After more than a year of remote work, the future looks hybrid. How local firms are stepping up to the challenges and redefining what it means to work
REMOTE WORK IN the pandemic is making many workers miserable. They feel tired, overworked, spend way too much on video calls that have grown longer and longer over the past year.
Four out of every 10 workers say they are considering leaving their jobs. People throughout the workforce complain that work from home has come to mean living at work. Our social and professional networks are contracting, and burnout is on the rise. If you are young, at the start of your career, a woman or a racialized person, this picture simply gets bleaker.
These, at least, are the dispiriting findings of Microsoft’s first Work Trend Index, released in late March, which polled 30,000 people in 31 countries, and used data collected through the Microsoft Teams and LinkedIn (which Microsoft owns).
“People are in significantly more meetings, taking more ad hoc calls and managing more incoming chats than they did before the pandemic,” the study found. “One third of remote workers say the lack of separation between work and life is negatively impacting their wellbeing.”
Terry Gillis, president of London-based Ahria Consulting and the author of the book Desuckify Work, isn’t surprised that many workplaces struggled to adapt to remote work, since so many workplaces were bad at managing their workplaces to begin with. He sees the coming of hybrid work as a once-in-a-generation chance to improve on the culture of work.
“I could talk to you for hours about this stuff,” he says. “That’s why I wrote the book — because work sucks and nobody seems to be paying attention to making it right.”
But it’s also clear by now that remote work is here to stay, in some form or another. For every worker who has struggled with remote work there is another who thrives on it. Flexibility in work is now an expectation: 70 per cent of workers want to have remote work options, while 65 per cent want more in-person time.
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In Canada, the workforce is very clearly split. In a poll taken last fall, 31 per cent of Canadian workers expressed a desire to return to the office, while another 32 per cent said that if remote work was taken away, they would quit.
Against this backdrop, local companies have forged new structures that are going to guide their growth as we come out of the pandemic. What is clear, if nothing else, is that there is no single experience of remote work — and that if hybrid work is here to stay, it will require both employers and employees to develop new ways of working in order to be sustainable.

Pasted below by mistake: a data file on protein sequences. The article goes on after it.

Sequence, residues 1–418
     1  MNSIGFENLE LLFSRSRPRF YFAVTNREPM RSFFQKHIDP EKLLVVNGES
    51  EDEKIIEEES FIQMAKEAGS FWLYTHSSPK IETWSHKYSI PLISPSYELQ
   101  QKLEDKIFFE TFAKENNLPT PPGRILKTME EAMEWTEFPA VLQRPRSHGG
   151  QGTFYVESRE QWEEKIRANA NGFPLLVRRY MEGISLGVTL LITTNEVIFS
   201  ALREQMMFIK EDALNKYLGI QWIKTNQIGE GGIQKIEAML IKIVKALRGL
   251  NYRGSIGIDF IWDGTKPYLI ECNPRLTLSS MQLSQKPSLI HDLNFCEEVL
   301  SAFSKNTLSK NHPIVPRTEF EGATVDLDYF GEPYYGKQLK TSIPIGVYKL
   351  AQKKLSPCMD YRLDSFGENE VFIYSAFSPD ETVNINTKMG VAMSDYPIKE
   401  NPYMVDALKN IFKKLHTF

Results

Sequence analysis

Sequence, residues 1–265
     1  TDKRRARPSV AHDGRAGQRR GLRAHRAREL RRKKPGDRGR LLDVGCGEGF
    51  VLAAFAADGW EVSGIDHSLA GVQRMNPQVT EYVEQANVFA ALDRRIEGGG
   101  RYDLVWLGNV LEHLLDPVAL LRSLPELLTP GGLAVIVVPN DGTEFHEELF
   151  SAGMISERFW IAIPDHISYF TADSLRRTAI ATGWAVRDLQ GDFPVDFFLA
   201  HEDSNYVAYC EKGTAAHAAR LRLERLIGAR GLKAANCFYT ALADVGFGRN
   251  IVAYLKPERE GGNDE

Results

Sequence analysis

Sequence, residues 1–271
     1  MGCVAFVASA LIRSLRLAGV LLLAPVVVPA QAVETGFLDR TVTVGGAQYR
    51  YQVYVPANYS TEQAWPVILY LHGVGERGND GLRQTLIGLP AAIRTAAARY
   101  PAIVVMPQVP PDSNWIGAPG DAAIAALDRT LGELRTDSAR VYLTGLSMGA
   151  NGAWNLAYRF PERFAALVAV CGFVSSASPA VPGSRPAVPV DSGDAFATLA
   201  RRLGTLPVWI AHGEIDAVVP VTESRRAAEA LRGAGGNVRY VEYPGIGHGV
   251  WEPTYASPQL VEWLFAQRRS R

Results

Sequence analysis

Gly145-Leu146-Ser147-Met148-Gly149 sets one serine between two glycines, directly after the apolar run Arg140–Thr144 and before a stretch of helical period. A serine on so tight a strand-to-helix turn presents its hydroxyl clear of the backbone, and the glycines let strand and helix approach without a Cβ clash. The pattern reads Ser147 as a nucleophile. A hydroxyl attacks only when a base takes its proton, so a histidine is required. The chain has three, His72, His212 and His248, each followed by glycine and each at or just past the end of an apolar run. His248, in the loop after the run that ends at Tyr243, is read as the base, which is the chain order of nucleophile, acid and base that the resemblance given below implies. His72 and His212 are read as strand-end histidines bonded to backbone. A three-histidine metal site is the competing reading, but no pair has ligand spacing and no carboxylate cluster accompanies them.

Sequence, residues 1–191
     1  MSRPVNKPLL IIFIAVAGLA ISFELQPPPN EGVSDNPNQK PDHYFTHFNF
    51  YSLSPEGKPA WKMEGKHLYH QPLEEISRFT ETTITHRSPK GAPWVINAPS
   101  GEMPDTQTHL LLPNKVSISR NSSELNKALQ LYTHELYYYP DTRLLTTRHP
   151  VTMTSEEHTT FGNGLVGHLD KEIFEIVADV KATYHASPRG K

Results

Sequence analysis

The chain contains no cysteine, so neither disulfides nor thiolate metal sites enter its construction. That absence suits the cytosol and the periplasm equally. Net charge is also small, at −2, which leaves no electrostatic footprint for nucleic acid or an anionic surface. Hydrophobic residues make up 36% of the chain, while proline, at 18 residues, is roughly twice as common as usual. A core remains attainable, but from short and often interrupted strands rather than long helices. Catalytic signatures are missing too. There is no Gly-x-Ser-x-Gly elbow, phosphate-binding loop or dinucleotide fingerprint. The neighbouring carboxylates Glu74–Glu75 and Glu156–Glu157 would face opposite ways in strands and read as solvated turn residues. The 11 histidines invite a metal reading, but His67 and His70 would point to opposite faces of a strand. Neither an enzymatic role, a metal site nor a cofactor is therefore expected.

MANY OF US can, by now, recall pandemic days where Zoom meetings dragged into dinner hour, or where meetings felt like unnecessary and often lengthy interruptions to the workday.
At Voices.com, those tendencies forced them to make changes early.
“Going into that first summer, our meetings got out of hand,” says Randy Rektor, a content producer at the company. The video calls were getting longer, he recalls, there were more of them and people were required to be in meetings that didn’t really concern them. People were getting stressed out.
The key to turning things around was that they caught it quickly and listened to their employees. Management was already in the habit of sending around employee surveys, Rektor explains, and in a company-wide meeting addressed the issues that many of their employees had been raising, promising to bring in changes to address the concerns. The company set aside times each week in which no meetings could be scheduled, giving people uninterrupted work hours. They also engrained in their workforce “to think about who you’re inviting” to meetings, Rektor says.
What works for Voices is clear policies and expectations, and importantly, giving employees the ability to set boundaries.
“Tactically speaking, the first thing employers can do is encourage employees to set work hours in their calendar system,” says David Ciccarelli, Voices.com CEO. But flexibility matters, too — especially for parents.
“We found the best policy is honesty, so if you have to jump out of a meeting to log your kids into a virtual learning environment, then just say so,” he says. “No need to give an excuse, it’s just something you need to do, and everyone is understanding.”
Those workplaces that have had success with designing remote and hybrid work arrangements tend to see it as a source of opportunity rather than a liability — a way not only to keep your employees happy, but to let them work better, too.
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Voices.com recently announced a new work-from-anywhere policy. Rektor, for instance, works Monday to Wednesday in the office, Thursday and Friday at home. “I found that balance was fantastic,” he says. “I would schedule certain tasks depending on where I was going to be,” and “that Wednesday afternoon really feels like a Friday.”